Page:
Eager reader of history, mystery, classics, biographies, steampunk, lit fic, science, scifi, and etc. My reviews are mostly positive--I rarely finish or write about books I don't enjoy. My TBR is too high for that.
With a small town Victorian setting, the fictional Barsetshire, and an appealing somewhat Austen-like cast of characters, Trollope's novel The Warden illustrates just how complicated reforming a centuries old church policy can be, even when everyone involved has valid concerns and mostly the best of intentions. When John Hiram died in long ago 1434 his will left money and property for the support of twelve impoverished older men retired from the trade of wool-carding, the men being replaced by others as they passed on to the better world, all of which was to be overseen by a warden compensated for his work. The charity has prospered in the 400 or so years since it was established and has been able to continue its mission unabated.
Obviously by Victorian times though things had changed--there were no longer wool carders in Barsetshire for instance--so terms have had to be adjusted, but maybe they have strayed too far from the original intent? Currently the twelve elderly recipients are housed in comfortable lodgings, receiving all they need to live and allocated a small amount of money for their own use. Rev. Harding, the just and compassionate warden, also gives the twelve an extra stipend from his own pocket, and the men enjoy both his company and the beautiful music he plays in the evenings.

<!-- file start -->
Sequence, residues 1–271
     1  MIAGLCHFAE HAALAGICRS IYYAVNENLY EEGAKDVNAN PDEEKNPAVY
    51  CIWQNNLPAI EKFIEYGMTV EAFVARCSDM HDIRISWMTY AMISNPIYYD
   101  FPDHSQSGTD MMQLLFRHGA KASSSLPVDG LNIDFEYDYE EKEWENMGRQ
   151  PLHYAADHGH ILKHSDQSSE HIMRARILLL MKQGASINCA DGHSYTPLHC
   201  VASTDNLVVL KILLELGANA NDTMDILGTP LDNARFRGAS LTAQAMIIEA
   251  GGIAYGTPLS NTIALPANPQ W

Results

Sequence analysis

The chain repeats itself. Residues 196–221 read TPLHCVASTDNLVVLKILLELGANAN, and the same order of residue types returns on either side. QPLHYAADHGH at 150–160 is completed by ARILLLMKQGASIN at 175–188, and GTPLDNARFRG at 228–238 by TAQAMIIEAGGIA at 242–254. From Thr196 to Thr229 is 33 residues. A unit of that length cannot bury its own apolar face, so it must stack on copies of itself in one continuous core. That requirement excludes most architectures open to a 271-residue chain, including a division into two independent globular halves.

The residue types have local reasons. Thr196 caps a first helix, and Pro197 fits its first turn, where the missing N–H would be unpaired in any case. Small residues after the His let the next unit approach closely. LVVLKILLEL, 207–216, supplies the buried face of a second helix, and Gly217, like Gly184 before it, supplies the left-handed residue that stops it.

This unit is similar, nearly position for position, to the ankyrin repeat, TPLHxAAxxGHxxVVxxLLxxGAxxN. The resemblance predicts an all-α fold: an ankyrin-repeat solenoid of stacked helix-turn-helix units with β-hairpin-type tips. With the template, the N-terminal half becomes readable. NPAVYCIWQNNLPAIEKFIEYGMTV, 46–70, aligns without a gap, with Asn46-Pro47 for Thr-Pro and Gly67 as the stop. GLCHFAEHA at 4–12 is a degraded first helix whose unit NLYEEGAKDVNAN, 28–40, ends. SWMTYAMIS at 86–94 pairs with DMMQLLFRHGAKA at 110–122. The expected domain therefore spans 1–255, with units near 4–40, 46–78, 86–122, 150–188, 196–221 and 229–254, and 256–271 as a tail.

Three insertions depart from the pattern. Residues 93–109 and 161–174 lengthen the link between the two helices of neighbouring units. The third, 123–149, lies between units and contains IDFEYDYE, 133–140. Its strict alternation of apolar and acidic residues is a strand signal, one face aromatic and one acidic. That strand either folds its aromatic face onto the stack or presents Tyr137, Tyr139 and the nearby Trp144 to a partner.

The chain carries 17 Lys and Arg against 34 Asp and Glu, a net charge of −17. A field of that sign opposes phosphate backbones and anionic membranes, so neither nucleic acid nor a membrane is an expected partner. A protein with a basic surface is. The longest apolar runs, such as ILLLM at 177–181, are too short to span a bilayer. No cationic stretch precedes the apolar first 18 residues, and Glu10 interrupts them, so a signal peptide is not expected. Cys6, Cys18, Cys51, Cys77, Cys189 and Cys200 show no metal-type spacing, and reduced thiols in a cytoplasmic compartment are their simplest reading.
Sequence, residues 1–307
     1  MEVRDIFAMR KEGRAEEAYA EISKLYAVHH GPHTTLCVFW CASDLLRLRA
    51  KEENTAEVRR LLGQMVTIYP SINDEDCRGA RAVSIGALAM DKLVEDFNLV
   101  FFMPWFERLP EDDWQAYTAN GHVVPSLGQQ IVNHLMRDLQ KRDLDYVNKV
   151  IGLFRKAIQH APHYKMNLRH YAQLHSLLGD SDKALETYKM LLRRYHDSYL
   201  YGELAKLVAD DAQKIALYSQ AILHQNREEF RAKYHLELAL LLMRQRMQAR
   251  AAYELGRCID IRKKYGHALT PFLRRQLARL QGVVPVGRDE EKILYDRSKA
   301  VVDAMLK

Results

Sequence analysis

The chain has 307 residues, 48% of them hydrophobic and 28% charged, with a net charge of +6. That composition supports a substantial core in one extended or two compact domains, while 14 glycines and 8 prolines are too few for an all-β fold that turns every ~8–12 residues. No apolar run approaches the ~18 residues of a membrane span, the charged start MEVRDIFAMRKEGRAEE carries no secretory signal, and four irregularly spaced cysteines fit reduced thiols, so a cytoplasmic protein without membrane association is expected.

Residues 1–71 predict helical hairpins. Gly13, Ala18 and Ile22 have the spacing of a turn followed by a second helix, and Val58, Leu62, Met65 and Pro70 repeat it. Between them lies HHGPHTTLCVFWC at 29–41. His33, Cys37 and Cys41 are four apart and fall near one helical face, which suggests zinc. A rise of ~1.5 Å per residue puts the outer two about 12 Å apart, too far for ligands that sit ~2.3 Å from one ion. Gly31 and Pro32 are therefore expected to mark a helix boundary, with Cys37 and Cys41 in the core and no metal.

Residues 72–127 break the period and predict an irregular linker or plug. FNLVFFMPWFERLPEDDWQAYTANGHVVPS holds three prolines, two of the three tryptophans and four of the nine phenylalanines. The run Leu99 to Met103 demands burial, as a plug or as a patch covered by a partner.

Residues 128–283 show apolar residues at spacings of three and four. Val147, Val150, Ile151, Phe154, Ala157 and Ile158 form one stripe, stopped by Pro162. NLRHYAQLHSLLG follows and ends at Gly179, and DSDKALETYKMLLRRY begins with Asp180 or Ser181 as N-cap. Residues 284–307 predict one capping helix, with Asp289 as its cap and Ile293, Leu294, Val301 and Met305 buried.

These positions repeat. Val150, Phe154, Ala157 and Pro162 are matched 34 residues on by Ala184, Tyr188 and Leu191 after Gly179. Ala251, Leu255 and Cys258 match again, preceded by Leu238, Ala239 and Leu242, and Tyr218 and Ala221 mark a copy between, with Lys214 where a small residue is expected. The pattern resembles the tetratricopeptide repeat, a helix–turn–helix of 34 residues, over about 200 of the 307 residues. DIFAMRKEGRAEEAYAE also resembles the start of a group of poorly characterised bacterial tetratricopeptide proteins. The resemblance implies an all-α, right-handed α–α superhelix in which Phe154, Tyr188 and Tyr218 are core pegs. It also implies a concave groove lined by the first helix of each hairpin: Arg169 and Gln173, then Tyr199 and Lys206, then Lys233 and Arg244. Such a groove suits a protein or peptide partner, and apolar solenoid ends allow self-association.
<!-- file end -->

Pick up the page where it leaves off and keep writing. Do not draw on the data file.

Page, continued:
But then John Bold, a reform minded young man incidentally in love with the warden’s daughter, takes it into his head that the warden’s yearly salary is too much and that more of the charity's money should be going directly to the twelve men. Which sets up an achingly poignant conundrum. Should such a caring warden’s income be reduced? Everyone has a strong opinion about what is right, including the men themselves, and when the matter is taken up by the press the poor warden is vilified, horrifying him.
There is almost an O. Henry quality to this story, with some surprise twists at the end and most characters having to live with the unexpected consequences of actions they had thought so prudent at the time. Trollope uses The Warden to make lots of observations about human nature and the workings of Victorian society, which are wittily written and for the most part interesting, but they do slow the story down. I had heard The Warden is the weakest of Trollope’s Barsetshire novels, which makes me very eager to read the rest because I loved this one.